- Copyright Page
- About the Editors
- Abbreviated Titles for Max Weber’s Texts
- Chronology of Max Weber’s Life
- Max Weber Past, Present, and Future
- Economics and Society and the Fate of Liberal Capitalism
- Max Weber’s Analysis of Capitalism
- Money, Credit, and Finance in Capitalism
- Law and the Development of Capitalism
- Is There a Future for Bourgeois Liberalism?
- Contemporary Capitalism and the Distribution of Power in Society
- Weberian Social Theory: Rationalization in a Globalized World
- Democracy, Partisanship, and Civil Society
- Nation, Nation-State, and Nationalism
- The Weberian City, Civil Society, and Turkish Social Thought
- The Modern State and Its Monopoly on Violence
- The Relevance of Weber’s Conception and Typology of <i>Herrschaft</i>
- The Supranational Dimension in Max Weber’s Vision of Politics
- Plebiscitary Politics and the Threats to Legality: Some Classical Insights on a Current Phenomenon
- Politics and Ethics, and the Ethic of Politics
- Max Weber’s Ethics for the Modern World
- Max Weber and the Late Modernization of Catholicism
- The “Disenchantment of the World” or Why We Can No Longer Use the Formula as Max Weber Might Have Intended
- The Literati and the Dao: Vernacular and Nation in China
- Class, Caste, and Social Stratification in India: Weberian Legacy
- Including Islam
- The Study on Ancient Israel and Its Relevance for Contemporary Politics
- The Rationalizations of Culture and Their Directions
- Max Weber and the Sociology of Music
- Contemporary Life Conduct and Existential Cultures
- From Occidental Rationalism to Multiple Modernities
- Max Weber and the Idea of the Occident
- Intellectuals, Scholars, and the Value of Science
- The Iron Cage in the Information Age: Bureaucracy as Tangible Manifestation of a Deep Societal Phenomenon
- Causation, Value Judgments, <i>Verstehen</i>
- Realism and Reality in Max Weber
Abstract and Keywords
Distinguished by extreme, systematized rationalism, Weber argued, bourgeois culture makes the social world in some ways more predictable and more comfortable but precludes a widely shared good life and social justice. He stressed emphatically that free-market capitalism, by maximizing formal rationality oriented to capital accounting and profitability, produces substantively “irrational” consequences that undermine the sociocultural and material fabric needed to sustain it. More than forty years of neoliberal restructuring, designed to accelerate capital accumulation at almost any cost, has generated massive corporate scandals, extreme economic inequalities, and global environmental problems that threaten its political legitimacy and social and ecological foundations. This chapter explores how Weber anticipated the types of substantive irrationalities suffered by today’s neoliberal regimes.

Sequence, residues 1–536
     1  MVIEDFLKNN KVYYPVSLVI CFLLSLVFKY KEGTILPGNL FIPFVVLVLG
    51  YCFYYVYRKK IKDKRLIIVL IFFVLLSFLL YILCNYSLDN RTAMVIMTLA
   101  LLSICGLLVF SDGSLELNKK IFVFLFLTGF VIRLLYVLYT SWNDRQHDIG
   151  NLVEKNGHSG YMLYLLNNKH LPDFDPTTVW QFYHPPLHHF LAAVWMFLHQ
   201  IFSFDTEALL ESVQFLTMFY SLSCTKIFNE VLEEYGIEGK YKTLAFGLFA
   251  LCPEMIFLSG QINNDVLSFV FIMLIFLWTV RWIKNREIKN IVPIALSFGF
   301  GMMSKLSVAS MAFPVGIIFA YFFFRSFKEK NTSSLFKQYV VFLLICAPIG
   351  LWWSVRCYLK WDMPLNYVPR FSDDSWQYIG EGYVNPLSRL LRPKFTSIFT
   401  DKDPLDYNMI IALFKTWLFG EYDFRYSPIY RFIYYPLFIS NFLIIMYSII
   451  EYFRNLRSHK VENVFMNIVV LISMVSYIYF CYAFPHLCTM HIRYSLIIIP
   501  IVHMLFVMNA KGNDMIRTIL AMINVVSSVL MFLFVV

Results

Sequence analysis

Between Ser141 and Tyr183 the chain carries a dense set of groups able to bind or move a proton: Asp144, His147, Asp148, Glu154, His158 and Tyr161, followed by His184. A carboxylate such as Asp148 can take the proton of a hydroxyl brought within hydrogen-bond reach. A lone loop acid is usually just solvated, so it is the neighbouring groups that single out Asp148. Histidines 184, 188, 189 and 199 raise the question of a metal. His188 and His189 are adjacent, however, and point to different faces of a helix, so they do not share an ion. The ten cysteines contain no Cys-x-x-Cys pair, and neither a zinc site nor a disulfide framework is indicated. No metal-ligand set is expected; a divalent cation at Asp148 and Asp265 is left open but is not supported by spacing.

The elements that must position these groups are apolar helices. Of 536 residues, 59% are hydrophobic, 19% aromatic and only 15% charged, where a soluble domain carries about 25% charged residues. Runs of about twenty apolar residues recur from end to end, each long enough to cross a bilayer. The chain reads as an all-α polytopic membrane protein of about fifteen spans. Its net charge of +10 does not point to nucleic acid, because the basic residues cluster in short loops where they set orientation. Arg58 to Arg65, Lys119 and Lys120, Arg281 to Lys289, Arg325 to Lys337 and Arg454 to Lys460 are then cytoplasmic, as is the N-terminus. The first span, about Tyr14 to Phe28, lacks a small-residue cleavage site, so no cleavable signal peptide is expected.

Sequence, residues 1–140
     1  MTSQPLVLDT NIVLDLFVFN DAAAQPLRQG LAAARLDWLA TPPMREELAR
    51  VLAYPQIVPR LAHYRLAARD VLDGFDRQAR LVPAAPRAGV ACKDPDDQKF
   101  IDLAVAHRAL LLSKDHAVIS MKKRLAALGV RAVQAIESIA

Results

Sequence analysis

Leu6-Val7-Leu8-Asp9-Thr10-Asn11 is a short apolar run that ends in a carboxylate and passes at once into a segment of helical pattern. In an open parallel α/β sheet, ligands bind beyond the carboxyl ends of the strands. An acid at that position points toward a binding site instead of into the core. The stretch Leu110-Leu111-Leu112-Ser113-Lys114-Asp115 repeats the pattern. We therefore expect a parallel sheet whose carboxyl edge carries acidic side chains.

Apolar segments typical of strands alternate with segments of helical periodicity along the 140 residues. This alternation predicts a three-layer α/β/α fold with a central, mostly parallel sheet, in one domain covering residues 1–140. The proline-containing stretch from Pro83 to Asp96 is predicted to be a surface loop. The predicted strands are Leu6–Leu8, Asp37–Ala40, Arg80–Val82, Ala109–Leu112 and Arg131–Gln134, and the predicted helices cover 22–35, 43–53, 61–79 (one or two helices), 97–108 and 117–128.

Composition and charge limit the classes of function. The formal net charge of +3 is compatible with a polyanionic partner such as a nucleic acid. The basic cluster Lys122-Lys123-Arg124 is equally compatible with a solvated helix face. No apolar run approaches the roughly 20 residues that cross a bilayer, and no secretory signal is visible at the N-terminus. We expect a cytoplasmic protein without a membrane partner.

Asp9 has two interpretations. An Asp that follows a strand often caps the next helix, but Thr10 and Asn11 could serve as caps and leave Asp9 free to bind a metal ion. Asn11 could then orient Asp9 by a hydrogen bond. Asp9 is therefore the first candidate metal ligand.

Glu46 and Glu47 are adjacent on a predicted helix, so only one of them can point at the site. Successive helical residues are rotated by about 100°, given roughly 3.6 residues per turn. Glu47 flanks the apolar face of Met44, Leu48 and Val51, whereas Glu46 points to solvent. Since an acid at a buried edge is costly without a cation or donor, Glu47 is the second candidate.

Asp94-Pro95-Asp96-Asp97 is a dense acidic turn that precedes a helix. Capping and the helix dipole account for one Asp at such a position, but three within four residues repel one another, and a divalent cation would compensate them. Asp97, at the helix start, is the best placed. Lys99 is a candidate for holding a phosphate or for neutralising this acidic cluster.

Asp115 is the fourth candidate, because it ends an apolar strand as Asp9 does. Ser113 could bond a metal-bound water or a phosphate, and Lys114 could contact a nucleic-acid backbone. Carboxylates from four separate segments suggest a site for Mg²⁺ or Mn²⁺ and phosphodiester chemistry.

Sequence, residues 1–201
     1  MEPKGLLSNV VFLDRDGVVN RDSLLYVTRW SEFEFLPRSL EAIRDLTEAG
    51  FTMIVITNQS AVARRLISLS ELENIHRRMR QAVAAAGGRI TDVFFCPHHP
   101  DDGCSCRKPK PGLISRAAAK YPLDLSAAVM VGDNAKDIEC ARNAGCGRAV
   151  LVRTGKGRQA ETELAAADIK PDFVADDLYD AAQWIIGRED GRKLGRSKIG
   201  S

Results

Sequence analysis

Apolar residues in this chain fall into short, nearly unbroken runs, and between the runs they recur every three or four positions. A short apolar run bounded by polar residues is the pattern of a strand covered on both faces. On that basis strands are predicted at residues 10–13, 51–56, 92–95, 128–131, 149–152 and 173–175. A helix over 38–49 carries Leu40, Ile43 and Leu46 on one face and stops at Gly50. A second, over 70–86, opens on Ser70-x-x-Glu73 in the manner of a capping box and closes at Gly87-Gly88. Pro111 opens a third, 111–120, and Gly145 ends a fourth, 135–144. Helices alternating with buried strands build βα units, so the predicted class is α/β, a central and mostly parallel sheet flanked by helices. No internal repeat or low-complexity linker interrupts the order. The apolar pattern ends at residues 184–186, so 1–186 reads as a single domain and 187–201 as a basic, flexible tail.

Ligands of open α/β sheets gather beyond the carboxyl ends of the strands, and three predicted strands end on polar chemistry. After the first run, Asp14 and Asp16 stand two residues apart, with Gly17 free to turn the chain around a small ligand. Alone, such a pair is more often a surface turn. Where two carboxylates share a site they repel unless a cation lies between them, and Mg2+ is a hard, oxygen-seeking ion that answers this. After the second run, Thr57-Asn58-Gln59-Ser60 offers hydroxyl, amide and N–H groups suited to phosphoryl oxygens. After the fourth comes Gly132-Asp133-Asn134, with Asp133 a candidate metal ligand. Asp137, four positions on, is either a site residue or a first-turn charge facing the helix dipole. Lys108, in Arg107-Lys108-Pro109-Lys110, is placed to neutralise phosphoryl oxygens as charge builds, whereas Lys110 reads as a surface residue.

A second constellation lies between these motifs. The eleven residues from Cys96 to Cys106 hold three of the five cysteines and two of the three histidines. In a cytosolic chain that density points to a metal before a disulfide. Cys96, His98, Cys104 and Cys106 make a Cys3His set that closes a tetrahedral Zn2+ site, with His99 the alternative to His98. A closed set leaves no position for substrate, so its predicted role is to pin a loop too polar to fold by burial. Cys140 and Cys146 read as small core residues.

Robert J. Antonio is professor of sociology at the University of Kansas. He specializes in social theory and is currently working on projects related to capitalism’s crisis tendencies, especially concerning the intersection of increased economic inequality, ecological risk, and democratic and authoritarian responses. Among his recent publications are “Ethnoracial Populism: An Alternative to Neoliberal Globalization?” in Social Epistemology (2019); (with Alessandro Bonanno) “From Fordism to Brexit & Trump: Is Authoritarian Capitalism on the Rise?” in Blackwell Companion to Sociology (2019); “Immanent Critique and the Exhaustion Thesis: Neoliberalism and History’s Vicissitudes” in The Palgrave Handbook of Critical Theory (2017); and “Plundering the Commons: The Growth Imperative in Neoliberal Times” in Sociological Review (2013).
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